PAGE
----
3. Mike says:

    I really like your think tank idea too. I don’t know about everyone else, but when I see a commercial with sad children in other countries and a celebrity asking for donations to feed a child for a month, I don’t get depressed…I get a little annoyed. Yes it is admirable for an organization to support those in need, but there are still so many problems in our own country. There is work that could be done in every category in the United States. Yes, it is much more severe in other countries and they are probably making more of an impact by concentrating on denser, poor areas, but I don’t see why we don’t take care of our own citizens first. I’ve volunteered in poor West Virginian towns and Newark, New Jersey and have witnessed our own problems that are mostly ignored. Soup kitchens and temporary construction do not solve the problem. As I write this, I see how selfish I am sounding, but I rationalize it with patriotism.

    • Alex Lin says:

      I think this is an interesting point that Mike presents. I have always had an interesting view on volunteering and donating. Although it is great to give up some time to help others in need, many of the goals that organizations do have a short-term solution. When I think about how I could make the biggest impact for a certain issue, it usually all stems back to policy. Think Tanks can help generate media which can lead to changes in policy and regulations.

    • Kate says:

      Mike, you bring up a valid point. Before helping to solve other nation’s problems, we first need to address our own problems. The problem is that citizens within our own countries are unaware of these issues, but what is the proper way to publicize these issues to ensure that they get addressed? I think one idea would be to have gap year students take a year off and go around to different parts of the U.S. to volunteer within poor areas. By having our younger generations be exposed to this type of poverty, it would spark greater awareness (hopefully reaching the government level). Again, helping to build a school in Africa is a wonderful deed to help build your resume, but you could probably get the same recognition for helping citizens within your own country.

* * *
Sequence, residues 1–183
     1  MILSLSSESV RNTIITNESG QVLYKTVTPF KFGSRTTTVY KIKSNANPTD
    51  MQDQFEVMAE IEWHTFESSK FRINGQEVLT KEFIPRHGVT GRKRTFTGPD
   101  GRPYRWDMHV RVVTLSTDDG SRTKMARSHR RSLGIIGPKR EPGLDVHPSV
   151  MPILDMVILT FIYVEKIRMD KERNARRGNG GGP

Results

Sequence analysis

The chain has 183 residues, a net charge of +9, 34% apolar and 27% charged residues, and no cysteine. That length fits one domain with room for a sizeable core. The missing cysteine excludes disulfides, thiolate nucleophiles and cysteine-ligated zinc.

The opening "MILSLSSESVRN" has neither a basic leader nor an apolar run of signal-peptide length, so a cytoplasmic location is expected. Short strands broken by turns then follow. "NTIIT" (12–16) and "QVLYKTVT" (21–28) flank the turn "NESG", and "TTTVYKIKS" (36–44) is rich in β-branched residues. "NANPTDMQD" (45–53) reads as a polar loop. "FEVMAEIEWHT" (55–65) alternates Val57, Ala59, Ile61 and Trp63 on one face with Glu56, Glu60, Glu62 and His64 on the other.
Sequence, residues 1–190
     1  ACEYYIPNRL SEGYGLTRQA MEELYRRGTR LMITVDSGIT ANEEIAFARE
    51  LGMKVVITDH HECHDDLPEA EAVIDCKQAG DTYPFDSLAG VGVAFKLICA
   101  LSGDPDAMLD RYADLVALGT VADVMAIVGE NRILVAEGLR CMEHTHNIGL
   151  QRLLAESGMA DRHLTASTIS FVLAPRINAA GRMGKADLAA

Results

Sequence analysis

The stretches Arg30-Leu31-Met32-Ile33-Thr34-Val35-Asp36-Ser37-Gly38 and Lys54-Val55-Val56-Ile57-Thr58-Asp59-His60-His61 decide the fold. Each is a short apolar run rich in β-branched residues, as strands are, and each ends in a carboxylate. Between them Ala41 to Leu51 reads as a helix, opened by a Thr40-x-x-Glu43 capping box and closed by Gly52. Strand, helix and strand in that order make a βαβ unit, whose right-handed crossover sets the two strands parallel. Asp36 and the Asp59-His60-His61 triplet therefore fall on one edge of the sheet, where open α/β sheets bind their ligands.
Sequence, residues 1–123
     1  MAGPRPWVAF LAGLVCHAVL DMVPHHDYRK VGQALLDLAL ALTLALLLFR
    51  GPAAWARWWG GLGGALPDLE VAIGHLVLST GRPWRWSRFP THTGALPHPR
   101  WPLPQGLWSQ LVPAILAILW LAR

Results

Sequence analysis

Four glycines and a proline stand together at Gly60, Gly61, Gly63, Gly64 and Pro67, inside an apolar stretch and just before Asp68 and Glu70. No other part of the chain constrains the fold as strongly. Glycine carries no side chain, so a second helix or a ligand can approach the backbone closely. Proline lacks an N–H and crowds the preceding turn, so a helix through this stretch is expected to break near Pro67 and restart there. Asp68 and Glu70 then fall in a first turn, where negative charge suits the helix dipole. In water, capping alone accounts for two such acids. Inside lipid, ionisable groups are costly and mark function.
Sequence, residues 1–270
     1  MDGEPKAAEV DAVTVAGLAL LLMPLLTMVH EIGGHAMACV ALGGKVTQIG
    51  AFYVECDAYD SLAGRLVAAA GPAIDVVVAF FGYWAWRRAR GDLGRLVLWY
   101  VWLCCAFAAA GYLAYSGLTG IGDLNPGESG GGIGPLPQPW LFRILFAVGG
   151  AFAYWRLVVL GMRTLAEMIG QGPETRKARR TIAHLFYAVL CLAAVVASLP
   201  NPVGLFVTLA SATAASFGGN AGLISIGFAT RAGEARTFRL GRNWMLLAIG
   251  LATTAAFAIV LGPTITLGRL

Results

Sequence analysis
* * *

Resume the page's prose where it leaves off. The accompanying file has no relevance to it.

• Zach says:

      The word “selfish” is almost always used a negative way, though I don’t think that it always should be thought of in that way. In your last sentence, you had to find some way to justify your own selfishness. The formal definition of the word is “concerned chiefly with one’s own personal profit”. I ask the question, what is wrong with that. It doesn’t mean that one does not care about others. People all around the globe look at America as a land of riches. Although there is certainly a lot more wealth here than in other places, that image is certainly not one of reality. The wealth gap in this country is a very real thing, and there are many that live each day without knowing if they will be able to eat dinner. I don’t have exact numbers, but I have a feeling the amount of aid that we give out to other countries is a lot more than the aid that we receive. If we don’t try to help out the people in this country, I seriously doubt others will. So maybe focusing more on the welfare of America is selfish, but maybe that’s not such a bad thing.

  4. Paul Martin says:

    Zach, I couldnt agree more with you (and Mike and Kate for that matter). Being selfish is by no means a bad thing. I love America, and call me “selfish” but I would prefer to see America succeed at solving its own problems before trying to help out other places. A couple comments that were made so far dealt with the literacy rate or poverty throughout America. Personally, I went with a group of Bucknell students to New Orleans this past summer to rebuild houses (and enjoy Bourbon Street). I was shocked to see how much of New Orleans is still completely destroyed. Although the streets are basically cleaned up, there are still empty lots left and right. America seems to have short-term memory loss when it comes to its own problems, but get up in arms when it comes to other countries. I’ve said it in class and I’ll say it again, America is way too politically correct for its own good. Forget about the sense of “obligation” to help other countries; take care of our own back yard first.

  5. […] Passionate Responses: Zach – The Pew Research Center & Paul – Old enough to […]